In addition to the 10 piece set, I would recommend ordering saba (mackerel), crab and tuna. With the Tsukiji fish market just around the corner, it is unlikely you will ever find such a wide range of fresh fish elsewhere. There are several types of tuna served here including akami (red lean meat), chutoro (fattier cut), otoro (the fattiest cut) with the fattier cuts being prized for their rich flavour. Mackerel is often overlooked yet it is one of the most flavoursome items of sushi I have ever tried! Last but by no means least, unagi (eel) is a must. Although it may not seem appetising at first, it is nothing like the jellied eels served up in London. Instead, freshwater eel is gently boiled before being marinated in a tare sauce – the result is a sweet yet delicate explosion of flavour.
3. Sajilo Cafe
Address: 1-36-8 Kichijoji-Honcho, Musashino-shi, Tokyo
Pricing: ¥ ¥
Kichijoji is a small yet dynamic neighbourhood. Stylish boutiques, coffee shops and the Studio Ghibli Museum are what put this place on the map. However, nestled away behind the central shopping district is a lesser known gem, Sajilo. With two tables and a set of counter seats (usually occupied by locals), it is a small place. The interior is stripped back yet cosy and the towering rows of spices and crockery give it a very individual atmosphere. It is clear that each ornament has been chosen to create a relaxed ambience that the staff take great pride in upholding. The chefs are always busy at work, filling the restaurant with the fragrance of crushed spices and freshly baked naans.
Frazer recommends: Mutton curry (single set) – ¥1000
The menu at Sajilo offers three different curries, of which you can either choose one large portion for ¥1000, or the set of two smaller portions for ¥1150. On arrival I eyed up the dishes and, unsure what to choose, I went adventurous with the mutton curry. It isn’t a particularly popular meat in England as it has a tendency to be tough if not well prepared, however this was not the case at Sajilo. The sauce had infused into the slow-cooked meat, causing it to fall apart in your mouth. The naan breads were some of the largest I’ve had, and as they are baked to order using an authentic tandoor they are soft, doughy and soak up the curry with ease.
Emily recommends: Daikon & pork/butter chicken (double set) – ¥1150
For the opportunity to sample two different curries, go for the larger set menu. I enjoyed the contrast of my choices – the mellow almost fruity daikon and pork curry and the creamy yet fiery butter chicken. When ordering, you can personalise the spiciness of your curry (2 was optimum for us) – err on the side of caution here as Sajilo are serious about their spice. The curry sets are all accompanied by a crisp and colourful salad, huge naan breads and a delicately blended chai tea – never has a meal been more satisfying.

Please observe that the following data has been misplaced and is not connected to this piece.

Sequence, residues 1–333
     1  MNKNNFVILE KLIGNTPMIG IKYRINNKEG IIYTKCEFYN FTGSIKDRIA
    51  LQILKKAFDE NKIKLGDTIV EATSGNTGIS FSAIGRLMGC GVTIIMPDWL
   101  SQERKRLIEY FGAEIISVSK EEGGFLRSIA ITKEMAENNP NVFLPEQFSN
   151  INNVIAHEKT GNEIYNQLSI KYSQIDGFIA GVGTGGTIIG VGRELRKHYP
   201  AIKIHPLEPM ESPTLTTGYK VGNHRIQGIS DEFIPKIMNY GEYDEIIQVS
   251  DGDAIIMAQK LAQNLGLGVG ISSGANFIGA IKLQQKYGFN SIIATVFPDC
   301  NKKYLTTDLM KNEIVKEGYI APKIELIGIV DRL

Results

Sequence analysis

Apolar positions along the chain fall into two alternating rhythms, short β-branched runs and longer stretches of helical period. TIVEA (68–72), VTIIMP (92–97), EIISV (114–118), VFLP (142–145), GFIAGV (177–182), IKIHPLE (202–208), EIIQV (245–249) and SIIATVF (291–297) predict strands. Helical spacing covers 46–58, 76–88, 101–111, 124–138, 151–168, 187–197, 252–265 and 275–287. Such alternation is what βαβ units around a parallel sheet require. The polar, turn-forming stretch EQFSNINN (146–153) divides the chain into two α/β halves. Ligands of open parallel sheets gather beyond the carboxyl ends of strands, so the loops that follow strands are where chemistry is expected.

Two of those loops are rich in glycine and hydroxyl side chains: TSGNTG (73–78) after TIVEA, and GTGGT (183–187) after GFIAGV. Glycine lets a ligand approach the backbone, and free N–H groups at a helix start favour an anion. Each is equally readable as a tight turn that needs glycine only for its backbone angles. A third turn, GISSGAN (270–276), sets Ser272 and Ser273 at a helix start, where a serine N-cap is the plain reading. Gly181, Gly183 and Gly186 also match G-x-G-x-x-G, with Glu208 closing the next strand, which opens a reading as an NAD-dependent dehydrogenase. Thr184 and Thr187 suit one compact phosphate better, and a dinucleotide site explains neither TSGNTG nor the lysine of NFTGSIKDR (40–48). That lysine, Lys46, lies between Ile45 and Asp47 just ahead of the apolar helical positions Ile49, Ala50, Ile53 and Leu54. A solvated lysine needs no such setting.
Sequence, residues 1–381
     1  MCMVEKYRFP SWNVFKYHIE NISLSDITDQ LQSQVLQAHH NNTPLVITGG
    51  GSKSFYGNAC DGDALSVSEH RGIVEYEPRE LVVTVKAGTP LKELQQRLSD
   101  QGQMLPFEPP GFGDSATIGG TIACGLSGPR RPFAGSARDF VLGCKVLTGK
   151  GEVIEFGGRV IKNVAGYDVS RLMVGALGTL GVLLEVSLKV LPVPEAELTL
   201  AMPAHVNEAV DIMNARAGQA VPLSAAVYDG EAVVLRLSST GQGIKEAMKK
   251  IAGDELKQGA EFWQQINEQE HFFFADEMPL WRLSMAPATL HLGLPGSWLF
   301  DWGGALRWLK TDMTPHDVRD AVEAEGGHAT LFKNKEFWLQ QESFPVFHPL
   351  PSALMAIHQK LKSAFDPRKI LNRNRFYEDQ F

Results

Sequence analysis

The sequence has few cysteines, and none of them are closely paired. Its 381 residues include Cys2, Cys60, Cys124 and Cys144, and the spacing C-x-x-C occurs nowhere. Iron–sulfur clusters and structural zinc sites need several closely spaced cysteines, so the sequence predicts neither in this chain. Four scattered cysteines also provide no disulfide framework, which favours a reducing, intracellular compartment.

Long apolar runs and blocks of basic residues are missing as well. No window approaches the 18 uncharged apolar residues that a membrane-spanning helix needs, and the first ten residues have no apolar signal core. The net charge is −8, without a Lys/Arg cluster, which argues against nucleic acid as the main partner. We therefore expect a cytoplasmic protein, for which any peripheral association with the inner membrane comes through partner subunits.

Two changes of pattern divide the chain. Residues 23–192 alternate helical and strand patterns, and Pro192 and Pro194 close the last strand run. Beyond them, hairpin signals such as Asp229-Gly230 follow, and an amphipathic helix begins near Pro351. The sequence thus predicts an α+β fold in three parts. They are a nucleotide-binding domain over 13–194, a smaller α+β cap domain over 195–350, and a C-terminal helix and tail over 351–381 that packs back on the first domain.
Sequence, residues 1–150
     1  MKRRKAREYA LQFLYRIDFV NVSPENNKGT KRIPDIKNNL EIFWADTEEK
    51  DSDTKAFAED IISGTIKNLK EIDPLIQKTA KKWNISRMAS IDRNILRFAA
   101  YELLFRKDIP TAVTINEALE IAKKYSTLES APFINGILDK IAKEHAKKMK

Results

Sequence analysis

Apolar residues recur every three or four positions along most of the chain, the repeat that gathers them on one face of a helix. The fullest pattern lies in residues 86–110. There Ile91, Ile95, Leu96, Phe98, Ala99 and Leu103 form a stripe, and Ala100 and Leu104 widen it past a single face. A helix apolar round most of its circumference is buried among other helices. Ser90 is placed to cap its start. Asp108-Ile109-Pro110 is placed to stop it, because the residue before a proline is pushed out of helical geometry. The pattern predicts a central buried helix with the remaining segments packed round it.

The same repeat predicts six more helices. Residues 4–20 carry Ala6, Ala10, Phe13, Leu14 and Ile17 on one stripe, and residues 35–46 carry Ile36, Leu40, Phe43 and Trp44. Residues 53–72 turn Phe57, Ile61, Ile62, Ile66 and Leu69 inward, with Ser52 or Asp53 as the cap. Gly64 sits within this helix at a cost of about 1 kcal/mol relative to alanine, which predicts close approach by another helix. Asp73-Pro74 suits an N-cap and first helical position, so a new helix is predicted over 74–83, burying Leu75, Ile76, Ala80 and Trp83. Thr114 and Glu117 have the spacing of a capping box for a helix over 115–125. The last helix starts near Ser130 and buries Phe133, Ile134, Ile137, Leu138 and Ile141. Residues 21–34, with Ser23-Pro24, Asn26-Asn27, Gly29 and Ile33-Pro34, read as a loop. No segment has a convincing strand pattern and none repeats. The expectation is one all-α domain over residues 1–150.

Address: 3-1-15, Nihonbashi, Chuo-ku, Tokyo Hisae Building 1F
Cuisine: Kaisendon (sashimi rice bowl)
Pricing: ¥ ¥
Tsujihan is adored by locals who will settle for nothing less than the freshest of sashimi bowls. Squeezed onto the end of a narrow alley strung with paper lanterns, it can be another tricky place to find. The queues can also be long, but this is testament to the mastery with which Tsujihan serve their signature dish. Here, only one item is on offer – the zeitakudon (luxury bowl). This bowl is available in different grades which correlate to the quality and quantity of fish used – ume, take, matsu. Locals opt for the ume bowl as it is the best value – expect a bowl of rice topped with generous mounds of mixed seafood including sea bream, tuna, squid, ikura (salmon roe) and herring roe. For this, plus crab meat, opt for take and for extra sea urchin (the ultimate item in any kaisendon) upgrade to matsu.
Frazer and Emily recommend: Matsu zeitakudon – ¥1980
Tsujihan is a modest yet spacious spot, with only 12 seats lining the counter. This open preparation area is where the bowls are expertly constructed. The chefs at Tsujihan prescribe a very particular way of eating the zeitakudon and we recommend you listen to their advice! On being seated, you will be presented with 4 thick slabs of sea bream sashimi in a rich miso sauce. Although you will be tempted to eat them all, leave at least 2 slices to add to your bowl later on. The zeitakudon itself is a sight to behold – a tower of seafood of all colours, tastes and textures rise above the soft, sticky rice beneath. For best results, mix the fresh wasabi with soy sauce and distribute evenly over your dish. The sea urchin is a really defining contribution to this already outstanding bowl of food. Once you approach your last few mouthfuls, place your bowl on the counter and ask for tai dashi (sea bream stock) and add your reserved sashimi to this fragrant soup. This transforms the bowl into chazuke, which brings together all the leftover flavours, rounding off this truly special experience in an unique way.